Feeds
85%
WD WD TV Live

Western Digital WD TV Live

HDD media player revamped with networking

  • alert
  • submit to reddit

Gartner critical capabilities for enterprise endpoint backup

Review We liked the first version of Western Digital's WD TV box. It was released in December 2008, barely nine months ago, but WD has already rolled out its successor.

WD WD TV Live

Western Digital's WD TV Live: now with networking on board...

There's no substantial change to the functionality: WD TV - now called the WD TV Live - is a compact media player that has no storage of its own. Instead, you use its two USB ports to connect external hard drives, cameras and the like, and the WD TV will cast their contents onto your telly.

As before, the box has an HDMI 1.3 port and a composite-video output, though this time the three RCA jacks - yellow, red and white - have been replaced by a 3.5mm headphone-style jack that's converted to RCA by the bundled cable. WD TV uses the same mechanism to provide component-video support, which is new to this edition.

The big change, however, is the addition of an Ethernet port and tweaks to the firmware to allow you to access folders shared on your network. WD really should have built Wi-Fi in too, but it would rather sell you an optional USB wireless adaptor. Maybe that makes sense to WD's North American design team, but few folk in the UK have Cat 5 cabling on tap. WLANs, on the other hand, proliferate, and WD really should have integrated it into the box.

For a moment, we thought it had. The WD TV's Sony XMB-inspired UI contains a "Wireless Favourites" panel with in its Settings area, allowing the box to remember five separate WLANs' SSIDs and passwords. But no, this is only used if you have said wireless adaptor.

WD WD TV Live

...but not wireless

Remembering multiple WLANs makes sharing content with chums child's play. Hook up your hard drive, connect your friend's, and WD TV's file management facility will let you select music, movie or photo files en masse and copy them from one storage medium to another. It's no drag-and-drop, but it's not particularly hard to do with the unit's small, nice remote.

Boost IT visibility and business value

More from The Register

next story
Kate Bush: Don't make me HAVE CONTACT with your iPHONE
Can't face sea of wobbling fondle implements. What happened to lighters, eh?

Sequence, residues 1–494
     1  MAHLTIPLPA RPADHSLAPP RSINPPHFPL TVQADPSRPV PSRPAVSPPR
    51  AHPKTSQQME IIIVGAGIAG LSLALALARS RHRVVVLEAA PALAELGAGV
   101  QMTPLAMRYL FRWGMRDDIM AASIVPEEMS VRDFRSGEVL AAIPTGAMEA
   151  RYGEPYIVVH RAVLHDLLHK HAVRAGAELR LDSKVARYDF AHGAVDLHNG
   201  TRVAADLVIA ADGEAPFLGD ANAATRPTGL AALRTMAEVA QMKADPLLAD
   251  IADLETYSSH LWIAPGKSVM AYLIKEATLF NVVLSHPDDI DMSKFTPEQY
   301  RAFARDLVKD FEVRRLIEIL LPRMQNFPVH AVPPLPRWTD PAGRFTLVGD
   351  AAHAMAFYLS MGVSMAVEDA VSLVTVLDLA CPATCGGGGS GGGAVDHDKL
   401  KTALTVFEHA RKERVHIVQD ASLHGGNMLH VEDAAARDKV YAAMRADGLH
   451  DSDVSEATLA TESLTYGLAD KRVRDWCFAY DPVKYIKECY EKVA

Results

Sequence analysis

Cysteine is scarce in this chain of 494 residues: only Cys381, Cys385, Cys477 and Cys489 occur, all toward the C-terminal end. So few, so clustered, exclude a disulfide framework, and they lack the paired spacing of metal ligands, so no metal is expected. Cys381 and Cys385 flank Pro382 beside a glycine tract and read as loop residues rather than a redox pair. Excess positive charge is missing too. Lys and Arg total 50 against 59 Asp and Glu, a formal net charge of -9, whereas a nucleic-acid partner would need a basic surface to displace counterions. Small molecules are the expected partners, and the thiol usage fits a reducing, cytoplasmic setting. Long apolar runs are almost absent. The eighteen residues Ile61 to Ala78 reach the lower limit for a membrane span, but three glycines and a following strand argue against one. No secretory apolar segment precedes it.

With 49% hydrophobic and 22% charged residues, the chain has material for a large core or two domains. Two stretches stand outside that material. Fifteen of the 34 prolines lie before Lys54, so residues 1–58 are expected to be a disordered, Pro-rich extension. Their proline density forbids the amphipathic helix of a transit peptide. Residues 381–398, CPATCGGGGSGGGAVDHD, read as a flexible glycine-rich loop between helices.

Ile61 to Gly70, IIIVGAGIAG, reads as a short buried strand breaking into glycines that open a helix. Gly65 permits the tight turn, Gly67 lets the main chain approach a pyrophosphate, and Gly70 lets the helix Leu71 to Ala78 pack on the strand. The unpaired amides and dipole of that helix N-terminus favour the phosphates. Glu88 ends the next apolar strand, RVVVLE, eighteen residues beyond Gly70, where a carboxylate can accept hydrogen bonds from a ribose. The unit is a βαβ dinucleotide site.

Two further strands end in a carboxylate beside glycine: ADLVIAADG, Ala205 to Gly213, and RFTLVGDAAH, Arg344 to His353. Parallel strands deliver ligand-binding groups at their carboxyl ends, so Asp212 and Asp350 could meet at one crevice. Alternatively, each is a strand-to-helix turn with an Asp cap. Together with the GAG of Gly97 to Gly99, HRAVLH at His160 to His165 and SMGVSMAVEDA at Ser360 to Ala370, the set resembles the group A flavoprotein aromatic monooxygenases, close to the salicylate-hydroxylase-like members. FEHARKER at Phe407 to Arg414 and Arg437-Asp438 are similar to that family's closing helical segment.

Apple takes blade to 13-inch MacBook Pro with Retina display
Shaves price, not screen on mid-2014 model
iPhone 6 flip tip slips in Aussie's clip: Apple's 'reversible USB' leaks
New plug not compatible with official Type-C, according to fresh rumors
The agony and ecstasy of SteamOS: WHERE ARE MY GAMES?
And yes it does need a fat HDD (or SSD, it's cool with either)
FEAST YOUR EYES: Samsung's Galaxy Alpha has an 'entirely new appearance'
Wow, it looks like nothing else on the market, for sure
YES YES YES! Apple patents mousy, pressure-sensing iVibrator
Fanbois prepare to experience the great Cupertin-O
Steve Jobs had BETTER BALLS than Atari, says Apple mouse designer
Xerox? Pff, not even in the same league as His Jobsiness
TV transport tech, part 1: From server to sofa at the touch of a button
You won't believe how much goes into today's telly tech
Apple analyst: fruity firm set to shift 75 million iPhones
We'll have some of whatever he's having please
prev story

Whitepapers

5 things you didn’t know about cloud backup
IT departments are embracing cloud backup, but there’s a lot you need to know before choosing a service provider. Learn all the critical things you need to know.
Implementing global e-invoicing with guaranteed legal certainty
Explaining the role local tax compliance plays in successful supply chain management and e-business and how leading global brands are addressing this.
Build a business case: developing custom apps
Learn how to maximize the value of custom applications by accelerating and simplifying their development.
Rethinking backup and recovery in the modern data center
Combining intelligence, operational analytics, and automation to enable efficient, data-driven IT organizations using the HP ABR approach.
Next gen security for virtualised datacentres
Legacy security solutions are inefficient due to the architectural differences between physical and virtual environments.